What the WSM Believes


Points of Unity

The WSM regularly discussed, debated and decided on what our collective political approach is. All members took part in this process and the results are preserved in the position papers you will find linked to below.  These papers defined our collective approach, we don't require that every member agree with every point in them but they do describe the politics the WSM will implement. [PDF of these points]

All members broadly agree with points 1 to 9 below which outline the core of our collective view of anarchism.

  1. Anarchism will be created by the class struggle between the vast majority of society (the working class) and the tiny minority that currently rule. A successful revolution will require that anarchist ideas become the leading ideas within the working class. This will not happen spontaneously. Our role is to make anarchist ideas the leading ideas or, as it is sometimes expressed, to become a ''leadership of ideas''.
  2. We reject the idea that society can be changed through 'good people' gaining control of the power structures. This means we reject both the electoral strategy of the social democratic and green parties and the 'revolutionary' strategy of the various left groups. Instead we advocate for direct, participatory, democratic institutions which will make the state obsolete.
  3. We identify ourselves as anarchists and with the "platformist", anarchist-communist or especifista tradition of anarchism. We broadly identify with the theoretical base of this tradition and the organisational practice it argues for, but not necessarily everything else it has done or said, so it is a starting point for our politics and not an end point.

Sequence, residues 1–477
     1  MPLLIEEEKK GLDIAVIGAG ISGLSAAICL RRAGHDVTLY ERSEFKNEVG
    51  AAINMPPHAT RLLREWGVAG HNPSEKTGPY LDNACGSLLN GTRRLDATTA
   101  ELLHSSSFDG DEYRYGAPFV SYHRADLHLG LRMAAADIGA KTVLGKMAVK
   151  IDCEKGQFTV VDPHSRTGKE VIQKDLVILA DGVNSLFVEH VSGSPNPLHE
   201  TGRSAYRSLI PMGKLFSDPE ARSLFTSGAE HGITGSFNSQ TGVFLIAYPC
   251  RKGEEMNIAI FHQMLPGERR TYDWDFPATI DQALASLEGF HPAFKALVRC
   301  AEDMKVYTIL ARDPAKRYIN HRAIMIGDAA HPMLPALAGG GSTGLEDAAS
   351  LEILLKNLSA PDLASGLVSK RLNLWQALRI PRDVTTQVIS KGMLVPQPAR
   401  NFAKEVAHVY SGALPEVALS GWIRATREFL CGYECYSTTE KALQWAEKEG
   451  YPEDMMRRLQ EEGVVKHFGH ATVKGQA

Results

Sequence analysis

4. The core ideas of this tradition that we identify with are the need for anarchist political organisations that seek to develop:
    • Theoretical Unity
    • Tactical Unity
    • Collective Action and Discipline
    • Federalism
  5. A major focus of our activity is our work within the economic organisations of the working class (labour organisations, trade unions, syndicates) where this is a possibility. We therefore reject views that dismiss activity in the unions because as members of the working class it is only natural that we should also be members of these mass organisations. Within them we fight for the democratic structures typical of anarcho-syndicalist unions like the 1930's CNT. However, the unions no matter how revolutionary cannot replace the need for anarchist political organisation(s).
  6. We also see it as vital to work in struggles that happen outside the unions and the workplace. These include struggles against particular oppressions, imperialism and indeed the struggles of the working class for a decent place and environment in which to live. Our general approach to these, like our approach to the unions, is to involve ourselves with mass movements and within these movements, in order to promote anarchist methods of organisation involving direct democracy and direct action.
  7. We actively oppose all manifestations of prejudice within the workers' movement and society in general and we work alongside those struggling against, for example, racism, sexism, religious sectarianism, queerphobia, intersexphobia, and ableism, as a priority. We see the success of a revolution and the successful elimination of these oppressions after the revolution being determined by the building of such struggles in the pre-revolutionary period. The methods of struggle that we promote are a preparation for the running of society along anarchist and communist lines after the revolution.
  8. We oppose imperialism but put forward anarchism as an alternative goal to nationalism. We defend grassroots anti-imperialist movements while arguing for an anarchist rather than nationalist strategy